Puzzles & Quizzes

Can You Solve This Tricky Math Problem for 8-Year-Olds?

It's a parental nightmare not to be able to figure out your kid's math homework, especially when they're in elementary school. Yet that's exactly what went down for one mother — and a slew of other confused internet users — last month. The problem, originally posted as a photo on the parents' forum Mumsnet, may be a little more difficult than you'd expect an 8-year-old student to be assigned in class.

Scroll down to read the problem and the solution. No judgment if it trips you up a bit.

Here's the Problem

On the coast, there are three lighthouses.

The first light shines for three seconds, then is off for three seconds.

The second light shines for four seconds, then is off for four seconds.

The third light shines for five seconds, then is off for five seconds.

All three lights have just come on together.

When is the first time that all three lights will be off together?

When is the next time that all three lights will come on at exactly the same moment?

Give this math problem a shot, then scroll down for the answer.

Here's the Answer

To be fair, the problem isn't calculus. But for a third-grader — or maybe even you! — it might as well be. If you're struggling with this problem, don't feel bad. The first comment on this Mumsnet thread is: "That is a ridiculous question and I'm only here to learn something." Here's a helpful hint as you try solving it: Try drawing out timelines for the lights, or even a grid with rows representing the lights and when they are on and off.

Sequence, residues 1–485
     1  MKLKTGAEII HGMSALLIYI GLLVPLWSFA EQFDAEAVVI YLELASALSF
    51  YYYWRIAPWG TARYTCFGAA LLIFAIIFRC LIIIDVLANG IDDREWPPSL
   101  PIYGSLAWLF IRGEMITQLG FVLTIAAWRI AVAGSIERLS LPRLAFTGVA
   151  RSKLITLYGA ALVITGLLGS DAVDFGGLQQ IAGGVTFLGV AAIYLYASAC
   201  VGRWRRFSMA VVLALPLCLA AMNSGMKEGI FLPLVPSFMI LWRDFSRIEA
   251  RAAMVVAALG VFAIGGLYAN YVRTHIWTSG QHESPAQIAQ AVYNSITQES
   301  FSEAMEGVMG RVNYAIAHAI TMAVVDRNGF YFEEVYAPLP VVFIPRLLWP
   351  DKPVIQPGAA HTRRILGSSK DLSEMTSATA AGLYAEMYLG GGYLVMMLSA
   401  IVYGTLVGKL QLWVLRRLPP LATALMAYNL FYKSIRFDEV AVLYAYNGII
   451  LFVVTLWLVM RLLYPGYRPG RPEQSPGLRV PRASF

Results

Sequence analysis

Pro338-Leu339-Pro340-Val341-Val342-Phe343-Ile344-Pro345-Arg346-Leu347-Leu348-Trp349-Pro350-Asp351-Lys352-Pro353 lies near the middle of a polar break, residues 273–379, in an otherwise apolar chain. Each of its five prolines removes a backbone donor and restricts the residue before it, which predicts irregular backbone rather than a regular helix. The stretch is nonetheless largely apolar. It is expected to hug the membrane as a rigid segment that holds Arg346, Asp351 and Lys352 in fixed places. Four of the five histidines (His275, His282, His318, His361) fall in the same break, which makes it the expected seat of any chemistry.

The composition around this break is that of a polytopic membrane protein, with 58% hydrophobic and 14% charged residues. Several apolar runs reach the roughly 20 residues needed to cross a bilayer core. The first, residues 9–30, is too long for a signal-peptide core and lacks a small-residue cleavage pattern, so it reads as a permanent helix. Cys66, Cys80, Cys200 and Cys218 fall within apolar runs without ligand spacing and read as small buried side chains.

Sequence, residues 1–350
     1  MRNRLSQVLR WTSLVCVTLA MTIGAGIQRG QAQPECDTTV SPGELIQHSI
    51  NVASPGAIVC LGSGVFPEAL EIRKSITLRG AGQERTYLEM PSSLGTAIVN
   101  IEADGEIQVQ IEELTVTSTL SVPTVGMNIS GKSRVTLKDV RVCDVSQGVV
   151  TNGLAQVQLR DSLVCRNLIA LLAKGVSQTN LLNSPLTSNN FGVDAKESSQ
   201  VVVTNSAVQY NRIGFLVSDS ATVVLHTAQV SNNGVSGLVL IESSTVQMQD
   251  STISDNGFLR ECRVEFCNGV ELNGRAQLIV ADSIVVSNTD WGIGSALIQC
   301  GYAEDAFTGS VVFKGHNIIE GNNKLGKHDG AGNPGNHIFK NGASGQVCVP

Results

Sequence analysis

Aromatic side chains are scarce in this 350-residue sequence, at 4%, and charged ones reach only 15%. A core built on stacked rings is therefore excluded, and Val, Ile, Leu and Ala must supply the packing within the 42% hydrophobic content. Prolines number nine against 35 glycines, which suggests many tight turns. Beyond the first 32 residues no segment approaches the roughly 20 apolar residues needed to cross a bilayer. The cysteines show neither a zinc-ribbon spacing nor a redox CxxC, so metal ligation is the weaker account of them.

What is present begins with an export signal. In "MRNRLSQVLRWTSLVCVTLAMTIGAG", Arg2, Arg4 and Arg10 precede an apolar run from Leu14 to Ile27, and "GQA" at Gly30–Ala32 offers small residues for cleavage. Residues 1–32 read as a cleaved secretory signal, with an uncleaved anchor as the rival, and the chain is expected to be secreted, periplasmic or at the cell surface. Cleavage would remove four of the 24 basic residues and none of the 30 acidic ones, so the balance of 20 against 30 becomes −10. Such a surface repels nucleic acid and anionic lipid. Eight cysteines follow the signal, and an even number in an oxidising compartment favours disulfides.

Ready for the answer? If you drew a little diagram or timeline, you can see that the first time all the lights are off at the same time is six seconds after they were all turned on. To find out the next time all three lights will flicker on at exactly the same moment, we need to know how often each one comes on. Given how long each light shines, we know that the first light comes on every six seconds, the second every eight, and the third every 10. We can find out when they will all come on together by determining the lowest number that can be by divided by all of those numbers: 6, 8, and 10. That time would be 120 seconds, or two minutes, after first turning the lights on. Did you get it?

Want more? Check out puzzle master Alex Bello's "Can You Solve My Problems?: Ingenious, Perplexing, and Totally Satisfying Math and Logic Puzzles." We handpick reading recommendations we think you may like. If you choose to make a purchase through that link, Curiosity will get a share of the sale.

Written by Joanie Faletto June 11, 2018

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